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  • that he thought it was the funnseit thing.But with more than 400 40mm cannon and 100 105mm howitzer rounds on target, and more than 200 of the enemy killed, Black quickly was dubbed the angel of death by her Afghan counterparts.Black said the Afghan general dialed into the Taliban frequency and told the enemy, America is so determined, they bring their women to kill the Taliban. It is the angel of death’ raining fire upon you. For her actions, Black was one of six Airmen to receive the first Air Force Combat Action Medal in a ceremony in front of the Air Force Memorial in Washington. She was the first Air Force woman to receive a combat medal.Then Air Force Chief of Staff Gen. T. Michael Moseley, spoke of Black and her fellow recipients: The medal ties the Airmen of today engaged with enemy hostiles to the legacy of courage, valor service and sacrifice that our predecessors left us. These Airmen, like all Airmen, stand on the shoulders of giants like Billy Mitchell, Arnold, Chennault, Doolittle, Lemay and Schriever. He concluded by saying, Today we recognize these six amazing Airmen for their combat roles as warriors wielding the air power bequeathed to us by these giants. Following the ceremony, Black told the audience, It’s a great honor anytime you’re recognized for your efforts, but I don’t look at it as heroic. I’m proud to represent all of the Airmen who will receive this award. Since that day in 2001 that established Black’s legacy, she has become a master navigator with more than 1,500 flying hours and 540 combat hours during Operation Enduring Freedom.During a recent CNN interview with Black, concerning the president’s announcement to open all military career fields to women, she commented that, I think it there’s going to be the standard and the standard needs to remain the same. You need to be physically, mentally and technically capable to do whatever job it is. And if you can meet those standards, bring it. You know, gender aside, we have to prepare our forces for the future fight. And it’s dynamic. It’s evolving, everchanging. So introducing women into those key roles will be might be that critical punch we need to deliver to the future enemy. An example that the Afghan general back in 2001 predicted for women of his own country: Look at what America allows their women to do.FORT MEADE, Md. (AFNS) It was less than 90 days after Sept. 11, 2001, and nerves were still raw. Capt. Allison Black had landed in Uzbekistan just hours earlier and was headed towards her first combat mission in Afghanistan. A C130H gunship navigator assigned to the 1st Special Operations Group, her assignment was to plot routes, communicate with ground forces and identify targets in the darkness below.Bearded special forces soldiers were traveling on horseback armed with intelligence gained from Afghan Northern Alliance soldiers and Black and her crew were there to use high caliber rounds to create a problem for the Taliban.The gunship had begun to take antiaircraft fire from the Taliban, even though they had initially destroyed a bank of rocket launchers and several enemy trucks. With help from the Northern Alliance, and their general, Abdul Rashid Dostum, they identified a nearby safehouse hiding more than 200 Taliban and al Qaida soldiers.As they approached their target, Black’s voice shattered the silence over the special forces soldiers’ field radios. The Northern Alliance general was in disbelief when he heard a woman’s voice over the radio: A woman, sent to kill the Taliban. Black said that he thought it was the funnseit thing.But with more than 400 40mm cannon and 100 105mm howitzer rounds on target, and more than 200 of the enemy killed, Black quickly was dubbed the angel of death by her Afghan counterparts.Black said the Afghan general dialed into the Taliban frequency and told the enemy, America is so determined, they bring their women to kill the Taliban. It is the angel of death’ raining fire upon you. For her actions, Black was one of six Airmen to receive the first Air Force Combat Action Medal in a ceremony in front of the Air Force Memorial in Washington. She was the first Air Force woman to receive a combat medal.Then Air Force Chief of Staff Gen. T. Michael Moseley, spoke of Black and her fellow recipients: The medal ties the Airmen of today engaged with enemy hostiles to the legacy of courage, valor service and sacrifice that our predecessors left us. These Airmen, like all Airmen, stand on the shoulders of giants like Billy Mitchell, Arnold, Chennault, Doolittle, Lemay and Schriever. He concluded by saying, Today we recognize these six amazing Airmen for their combat roles as warriors wielding the air power bequeathed to us by these giants. Following the ceremony, Black told the audience, It’s a great honor anytime you’re recognized for your efforts, but I don’t look at it as heroic. I’m proud to represent all of the Airmen who will receive this award. Since that day in 2001 that established Black’s legacy, she has become a master navigator with more than 1,500 flying hours and 540 combat hours during Operation Enduring Freedom.During a recent CNN interview with Black, concerning the president’s announcement to open all military career fields to women, she commented that, I think it there’s going to be the standard and the standard needs to remain the same. You need to be physically, mentally and technically capable to do whatever job it is. And if you can meet those standards, bring it. You know, gender aside, we have to prepare our forces for the future fight. And it’s dynamic. It’s evolving, everchanging. So introducing women into those key roles will be might be that critical punch we need to deliver to the future enemy. An example that the Afghan general back in 2001 predicted for women of his own country: Look at what America allows their women to do. One day our country will have similar freedoms.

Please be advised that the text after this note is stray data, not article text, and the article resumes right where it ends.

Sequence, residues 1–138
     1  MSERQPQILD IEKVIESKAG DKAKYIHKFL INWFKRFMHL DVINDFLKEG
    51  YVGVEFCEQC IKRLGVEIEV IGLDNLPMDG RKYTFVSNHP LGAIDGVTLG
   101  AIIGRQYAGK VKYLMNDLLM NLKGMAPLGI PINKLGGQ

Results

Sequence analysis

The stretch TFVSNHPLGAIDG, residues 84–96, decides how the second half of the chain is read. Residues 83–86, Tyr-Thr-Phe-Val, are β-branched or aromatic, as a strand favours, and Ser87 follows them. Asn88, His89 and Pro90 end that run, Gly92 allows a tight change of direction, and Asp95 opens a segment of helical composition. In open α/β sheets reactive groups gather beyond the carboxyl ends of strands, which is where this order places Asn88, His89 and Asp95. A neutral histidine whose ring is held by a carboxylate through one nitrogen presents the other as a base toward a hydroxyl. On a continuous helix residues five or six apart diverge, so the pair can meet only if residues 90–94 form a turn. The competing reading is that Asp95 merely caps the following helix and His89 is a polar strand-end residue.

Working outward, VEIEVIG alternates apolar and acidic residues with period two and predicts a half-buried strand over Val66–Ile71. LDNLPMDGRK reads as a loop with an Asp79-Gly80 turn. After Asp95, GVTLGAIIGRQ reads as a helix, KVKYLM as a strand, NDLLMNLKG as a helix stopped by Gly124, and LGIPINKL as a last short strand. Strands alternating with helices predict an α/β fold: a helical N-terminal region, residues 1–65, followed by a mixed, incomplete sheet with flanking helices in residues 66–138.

Posted by Bailote on October 13, 2015